And whoever, at the end of his life, quits his body remembering Me alone at once attains My nature. Of this there is no doubt. Whatever state of being one remembers when he quits his body, O son of Kuntī, that state he will attain without fail. Therefore, Arjuna, you should always think of Me in the form of Kṛṣṇa and at the same time carry out your prescribed duty of fighting. With your activities dedicated to Me and your mind and intelligence fixed on Me, you will attain Me without doubt.

But this does not mean that the rest of your life doesn't matter. On the contrary, it is only if you have been devoted to Sriman Narayana all your life that you will deserve to have that rarest of blessings of getting to think of him at the moment you leave your body; here is what Ramana Maharshi says:

You must achieve liberation during your life time. Even if you fail to do it during your lifetime, you must think of god at least at the time of death, since one becomes what he thinks of at the time of death. But unless all your life you have been thinking of God, unless you have accustomed yourself to dhyana of 'God always during life, it would not at all be possible for you think of God at the time of death.

But there is one escape route if you don't want to worry about what your final thought is going to be. Here is one of the six statements that the Vishnu deity of the Kanchipuram Varadaraja Perumal temple communicated to Ramanujacharya:

anthima smrthi varjanam

This means that Antima Smriti or remembrance of Sriman Narayana at the moment of death is not required for one who has performed Sharanagati. That's because for the Prapanna or performer of Sharanagati, Vishnu remembers the person at the moment of death, as described in the Varaha Charama Shloka quoted in my answer here.

1

This story and similar stories are not about a pet or just desires, but about the strongest collective impressions when the body ends.

Those could be a mix of one or more infinite impressions from infinite lives around some worldly attributes; money, sex, love or your child - If its putra eshna, then you'll likely meet that child soul again in another life.

Now to explain this further let's think about the following:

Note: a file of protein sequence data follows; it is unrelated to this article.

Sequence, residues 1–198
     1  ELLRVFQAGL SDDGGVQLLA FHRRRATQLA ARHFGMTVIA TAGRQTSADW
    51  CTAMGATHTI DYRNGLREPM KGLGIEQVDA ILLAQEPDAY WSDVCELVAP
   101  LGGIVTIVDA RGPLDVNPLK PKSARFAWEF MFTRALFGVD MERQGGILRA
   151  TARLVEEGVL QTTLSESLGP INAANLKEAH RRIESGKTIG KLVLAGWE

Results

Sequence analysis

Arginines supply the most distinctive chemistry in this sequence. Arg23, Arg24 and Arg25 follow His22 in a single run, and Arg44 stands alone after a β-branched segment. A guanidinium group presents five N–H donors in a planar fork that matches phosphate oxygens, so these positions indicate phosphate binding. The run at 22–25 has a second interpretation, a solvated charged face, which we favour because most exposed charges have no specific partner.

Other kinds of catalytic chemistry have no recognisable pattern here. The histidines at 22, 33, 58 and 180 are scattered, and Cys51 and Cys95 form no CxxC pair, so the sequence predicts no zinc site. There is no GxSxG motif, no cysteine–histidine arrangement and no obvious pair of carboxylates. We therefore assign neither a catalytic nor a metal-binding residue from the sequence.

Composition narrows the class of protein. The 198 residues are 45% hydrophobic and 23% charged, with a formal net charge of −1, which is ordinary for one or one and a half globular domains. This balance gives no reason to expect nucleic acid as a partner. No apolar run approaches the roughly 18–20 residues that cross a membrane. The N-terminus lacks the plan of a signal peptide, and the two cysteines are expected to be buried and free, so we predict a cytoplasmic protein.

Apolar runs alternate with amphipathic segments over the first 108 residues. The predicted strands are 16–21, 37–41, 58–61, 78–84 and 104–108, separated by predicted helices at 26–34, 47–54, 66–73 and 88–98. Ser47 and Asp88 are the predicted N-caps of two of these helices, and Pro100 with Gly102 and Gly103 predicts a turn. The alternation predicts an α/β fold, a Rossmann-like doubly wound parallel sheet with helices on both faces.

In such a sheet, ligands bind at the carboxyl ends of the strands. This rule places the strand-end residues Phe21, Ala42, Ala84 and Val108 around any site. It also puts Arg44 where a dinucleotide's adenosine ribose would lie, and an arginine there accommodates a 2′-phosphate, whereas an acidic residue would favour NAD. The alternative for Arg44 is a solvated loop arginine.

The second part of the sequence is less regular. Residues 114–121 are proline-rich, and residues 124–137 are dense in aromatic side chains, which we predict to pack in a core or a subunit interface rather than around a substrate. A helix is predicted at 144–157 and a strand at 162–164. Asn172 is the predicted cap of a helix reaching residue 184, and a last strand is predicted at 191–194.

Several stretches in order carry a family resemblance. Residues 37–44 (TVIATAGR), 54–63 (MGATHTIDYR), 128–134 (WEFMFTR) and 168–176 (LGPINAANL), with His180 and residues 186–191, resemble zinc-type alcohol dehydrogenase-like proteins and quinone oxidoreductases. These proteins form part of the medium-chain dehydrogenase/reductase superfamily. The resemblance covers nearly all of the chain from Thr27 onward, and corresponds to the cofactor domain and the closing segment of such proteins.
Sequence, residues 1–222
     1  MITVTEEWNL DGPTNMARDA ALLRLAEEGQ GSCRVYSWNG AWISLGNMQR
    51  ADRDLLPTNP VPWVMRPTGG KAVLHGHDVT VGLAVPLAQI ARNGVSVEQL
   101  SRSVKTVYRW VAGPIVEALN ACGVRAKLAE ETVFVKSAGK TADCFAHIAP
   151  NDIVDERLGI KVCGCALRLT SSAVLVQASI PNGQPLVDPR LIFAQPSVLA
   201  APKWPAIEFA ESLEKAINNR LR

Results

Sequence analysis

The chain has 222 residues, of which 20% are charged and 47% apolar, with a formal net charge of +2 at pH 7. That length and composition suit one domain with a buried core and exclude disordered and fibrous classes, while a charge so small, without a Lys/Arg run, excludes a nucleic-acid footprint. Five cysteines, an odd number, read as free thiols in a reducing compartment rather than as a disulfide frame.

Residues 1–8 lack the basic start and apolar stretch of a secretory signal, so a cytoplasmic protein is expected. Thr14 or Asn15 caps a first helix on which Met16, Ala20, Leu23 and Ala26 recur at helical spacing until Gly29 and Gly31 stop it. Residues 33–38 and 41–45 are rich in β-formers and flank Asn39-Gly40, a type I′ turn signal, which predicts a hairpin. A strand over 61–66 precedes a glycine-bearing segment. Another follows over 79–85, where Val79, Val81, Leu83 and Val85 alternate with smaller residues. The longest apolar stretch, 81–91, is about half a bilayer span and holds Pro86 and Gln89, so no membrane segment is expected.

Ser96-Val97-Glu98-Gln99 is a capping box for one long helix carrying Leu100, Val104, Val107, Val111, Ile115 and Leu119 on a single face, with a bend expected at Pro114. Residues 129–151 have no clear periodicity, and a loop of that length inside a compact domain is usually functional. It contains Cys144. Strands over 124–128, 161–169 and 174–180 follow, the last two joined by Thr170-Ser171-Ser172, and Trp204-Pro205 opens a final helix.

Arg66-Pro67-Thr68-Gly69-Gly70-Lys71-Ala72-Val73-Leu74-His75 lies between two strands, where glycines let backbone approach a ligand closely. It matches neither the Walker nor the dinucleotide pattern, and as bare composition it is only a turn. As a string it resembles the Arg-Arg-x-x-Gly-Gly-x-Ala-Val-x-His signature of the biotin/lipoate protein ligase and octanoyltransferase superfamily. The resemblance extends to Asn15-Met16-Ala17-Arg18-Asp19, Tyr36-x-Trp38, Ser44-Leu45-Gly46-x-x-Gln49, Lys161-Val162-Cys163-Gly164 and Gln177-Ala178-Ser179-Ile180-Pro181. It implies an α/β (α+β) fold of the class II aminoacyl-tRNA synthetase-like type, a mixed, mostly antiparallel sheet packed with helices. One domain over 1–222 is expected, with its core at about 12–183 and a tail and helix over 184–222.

• There are no guarantees of if, when & how. This is not a Samsung fridge with 5 yr warranty. Even that warranty has tons of Fine Print & Disclaimers.

  • (Unfathomable is the depth of accounting of Karma (gahanā karmaṇo gatiḥ- BG 4.17). It's implications are beyond comprehension. "Unfathomable is the depth of karma".

Does the karma from the previous life affects the current life? https://hinduism.stackexchange.com/a/2251/3172
When does Sanchitha Karma becomes Praarabdha Karma? What decides its transformation?

  • The impressions that are strongest are what your 'mana-chitta' are larger vectors that carry forward. One may not even know or realize what kind of karmic impressions are being carried. Not remembering your past life is "how things are" E.g. Ram shot Bali with an arrow and 5000 yrs later left Krishna body with an arrow shot on him. Jamwant (warrior) wanted to fight/ wrestle (strong one sided intention/ desire) with Ram, for that to dissolve Krishna fights with him for days & nights until Jamwant realizes how that karmic impression was manifesting. My guess is at that time those impressions tended to dissolve. These stories are to point out how even "Purna Avatar" Krishna has to "deal with karma" and also to indicate, that the when of timeline, can be way way far apart to be set in motion in the world.

  • Now, since one may not have memories of past lives, we do carry some data along in the sub-conscious/ super-conscious and some vectors are evident in current life karma as well. There are sciences around Jyotish that can at times help one shed light on current/ past karmic "indicators". There are past-life regression and related mechanisms, but I am not sure about where they stand and how they work.